Patricia Shih was born in Vancouver, BC, and like her two sisters, was a natural prodigy. Her elder sister, Anne, is the Professor of Violin at the Mainz Hochshule. Her younger sister, Connie, who is based in Freiburg, Germany is an internationally acclaimed pianist. At the age of 5, Patricia performed the Bach Double Concerto in Bellingham, WA.
At age 14, Patricia became a pupil of the legendary Josef Gingold at Indiana University. He was both mentor and teacher. He described Patricia as "one of the greatest talents that I have ever taught. Her great technique, inborn musicianship, sense of style and virtuosity are unequalled." Patricia was to prove that these words were not said lightly by achieving a series of results that have hardly been matched since. She won the Grand Prize at the CIBC National Music Competition in Canada, and then the Seattle Young Artists Competition in the USA. Then she won the highest mark in the 4,000 person entrant Canadian Music Competition for 3 years running.
At age 15 Patricia then received the Special Prize at the International Wieniawski Competition in Poland, and in the same year she made a highly acclaimed debut at the Carnegie Hall playing the Wieniawski Concerto No 1. In 1992 Patricia was a laureate at the International Kreisler Competition in Vienna, and she was then awarded the International Sommerakademie Mozarteum prize in Salzburg. In Canada she had also been awarded the prestigious 1989 Sv Iva Gelber Foundation Award for the most outstanding Canadian musician under age 30.
Patricia was then given the opportunity to begin a significant concert career by one of the greatest of all chamber music players, Rostislav Dubinsky, the original leader of the Borodin Quartet [1946-1975], and the founder of the Borodin Trio. With his help she went on from her laureate successes to tour North America, Mexico, Europe and Asia in recital, and also perform as a soloist with such major symphony orchestras as the Royal Philharmonic; the Halle Orchestra; the Orchestre Bretagne; the Toronto Symphony; the State of Mexico Symphony Orchestra; the Singapore Symphony; and the Polish National Radio Orchestra. She also substituted for Midori to great success. Wherever Patricia went she received rave reviews, often comparing her to great violinists of the past.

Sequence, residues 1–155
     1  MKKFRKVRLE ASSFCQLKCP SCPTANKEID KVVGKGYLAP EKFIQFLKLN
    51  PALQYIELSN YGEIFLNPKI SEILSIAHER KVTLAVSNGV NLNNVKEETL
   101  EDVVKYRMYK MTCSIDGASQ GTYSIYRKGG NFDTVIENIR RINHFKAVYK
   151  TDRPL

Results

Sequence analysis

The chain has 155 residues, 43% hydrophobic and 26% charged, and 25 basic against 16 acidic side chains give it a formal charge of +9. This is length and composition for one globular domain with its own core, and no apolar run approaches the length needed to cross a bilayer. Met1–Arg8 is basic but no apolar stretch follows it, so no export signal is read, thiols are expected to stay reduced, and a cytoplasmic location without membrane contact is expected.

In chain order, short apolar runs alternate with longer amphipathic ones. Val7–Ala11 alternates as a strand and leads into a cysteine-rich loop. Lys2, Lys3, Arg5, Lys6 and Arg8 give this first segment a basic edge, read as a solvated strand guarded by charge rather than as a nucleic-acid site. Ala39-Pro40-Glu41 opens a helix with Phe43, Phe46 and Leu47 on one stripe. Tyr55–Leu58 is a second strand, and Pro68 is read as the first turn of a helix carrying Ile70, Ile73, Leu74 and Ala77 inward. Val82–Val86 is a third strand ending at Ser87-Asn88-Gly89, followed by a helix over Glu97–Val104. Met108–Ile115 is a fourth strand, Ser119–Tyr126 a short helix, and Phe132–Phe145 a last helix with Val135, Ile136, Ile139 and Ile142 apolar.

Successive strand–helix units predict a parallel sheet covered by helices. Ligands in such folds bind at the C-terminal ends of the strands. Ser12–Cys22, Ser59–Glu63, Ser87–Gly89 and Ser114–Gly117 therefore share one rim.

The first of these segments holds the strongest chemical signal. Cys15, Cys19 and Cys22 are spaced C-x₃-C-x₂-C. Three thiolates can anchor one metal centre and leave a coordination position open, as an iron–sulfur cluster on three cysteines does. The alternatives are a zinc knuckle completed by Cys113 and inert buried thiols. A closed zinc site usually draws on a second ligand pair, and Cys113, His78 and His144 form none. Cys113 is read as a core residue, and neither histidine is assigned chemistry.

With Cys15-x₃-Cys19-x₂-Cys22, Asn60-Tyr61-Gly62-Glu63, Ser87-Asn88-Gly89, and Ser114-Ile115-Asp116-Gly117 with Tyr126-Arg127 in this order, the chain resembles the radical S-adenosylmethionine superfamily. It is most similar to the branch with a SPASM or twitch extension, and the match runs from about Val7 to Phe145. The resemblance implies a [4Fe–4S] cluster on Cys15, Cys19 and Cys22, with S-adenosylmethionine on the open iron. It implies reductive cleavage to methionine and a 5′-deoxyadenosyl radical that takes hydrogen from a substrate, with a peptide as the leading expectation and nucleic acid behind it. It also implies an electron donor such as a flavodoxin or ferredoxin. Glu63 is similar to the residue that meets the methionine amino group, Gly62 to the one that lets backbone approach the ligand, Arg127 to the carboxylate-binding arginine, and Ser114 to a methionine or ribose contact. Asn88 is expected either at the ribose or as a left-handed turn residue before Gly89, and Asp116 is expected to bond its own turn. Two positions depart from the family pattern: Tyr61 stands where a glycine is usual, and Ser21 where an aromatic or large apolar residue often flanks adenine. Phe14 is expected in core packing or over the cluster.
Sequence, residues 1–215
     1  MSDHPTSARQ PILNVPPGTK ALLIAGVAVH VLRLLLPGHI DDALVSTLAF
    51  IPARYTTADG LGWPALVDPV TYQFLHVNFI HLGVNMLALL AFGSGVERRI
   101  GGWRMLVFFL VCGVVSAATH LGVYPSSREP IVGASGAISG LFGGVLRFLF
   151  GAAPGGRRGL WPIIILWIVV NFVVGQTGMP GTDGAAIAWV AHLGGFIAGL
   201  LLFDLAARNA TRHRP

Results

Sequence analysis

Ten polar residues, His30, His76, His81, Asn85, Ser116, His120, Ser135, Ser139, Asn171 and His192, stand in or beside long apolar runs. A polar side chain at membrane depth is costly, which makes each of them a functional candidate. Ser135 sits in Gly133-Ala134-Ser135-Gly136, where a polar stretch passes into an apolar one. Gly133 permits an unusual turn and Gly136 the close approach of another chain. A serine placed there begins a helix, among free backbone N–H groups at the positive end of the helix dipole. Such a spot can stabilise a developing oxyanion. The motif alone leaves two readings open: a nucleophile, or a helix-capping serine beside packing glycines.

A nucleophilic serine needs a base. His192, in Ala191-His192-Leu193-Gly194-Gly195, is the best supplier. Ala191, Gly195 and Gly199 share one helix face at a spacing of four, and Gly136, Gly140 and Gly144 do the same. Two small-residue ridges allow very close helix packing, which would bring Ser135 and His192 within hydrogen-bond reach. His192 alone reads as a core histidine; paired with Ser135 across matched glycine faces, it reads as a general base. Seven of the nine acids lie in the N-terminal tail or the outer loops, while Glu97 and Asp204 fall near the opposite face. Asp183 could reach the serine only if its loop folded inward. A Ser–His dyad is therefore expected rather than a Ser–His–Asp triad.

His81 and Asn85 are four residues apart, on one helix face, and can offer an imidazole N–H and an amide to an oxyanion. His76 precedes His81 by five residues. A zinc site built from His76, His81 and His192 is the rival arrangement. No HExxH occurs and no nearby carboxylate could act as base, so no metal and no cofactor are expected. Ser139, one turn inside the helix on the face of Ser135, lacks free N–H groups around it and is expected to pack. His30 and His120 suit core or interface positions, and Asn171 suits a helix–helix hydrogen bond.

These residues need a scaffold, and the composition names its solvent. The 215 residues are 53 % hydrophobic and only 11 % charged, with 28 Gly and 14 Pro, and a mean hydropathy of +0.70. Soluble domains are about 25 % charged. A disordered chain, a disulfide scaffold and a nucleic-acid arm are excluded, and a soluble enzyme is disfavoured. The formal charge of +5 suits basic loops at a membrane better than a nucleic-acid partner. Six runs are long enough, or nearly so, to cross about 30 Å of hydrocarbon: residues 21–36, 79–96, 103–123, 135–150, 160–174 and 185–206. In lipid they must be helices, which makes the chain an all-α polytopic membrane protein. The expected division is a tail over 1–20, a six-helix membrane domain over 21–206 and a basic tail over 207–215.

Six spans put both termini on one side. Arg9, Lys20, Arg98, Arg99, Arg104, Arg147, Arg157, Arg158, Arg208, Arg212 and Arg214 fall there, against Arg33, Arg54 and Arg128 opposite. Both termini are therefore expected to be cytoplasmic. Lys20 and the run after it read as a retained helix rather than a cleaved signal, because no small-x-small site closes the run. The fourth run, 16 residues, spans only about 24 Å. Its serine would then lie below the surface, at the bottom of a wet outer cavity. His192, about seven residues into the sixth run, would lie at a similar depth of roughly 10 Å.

In 1999 Patricia was injured in a car accident near Bellingham, and her solo and recording career was disrupted. With typical courage and flair Patricia then re-established herself, by becoming the much applauded leader of one of Canada's foremost String Quartet, the Borealis String Quartet.
In 2003 Patricia appeared in recital and chamber music at the famed Wigmore Hall in London, and she has also appeared in chamber music and recital with various major international artists. Patricia has recorded for Summit/Koch and Skylark. She has broadcast widely in Canada, and in the USA, and in Europe. Recently Patricia has begun again to play as a soloist, and in 2006 she expects to play more often as a soloist in both recitals and concerts. She will also continue to be the first violin and leader of the Borealis Quartet and it too expects to play at international venues as well as in North America.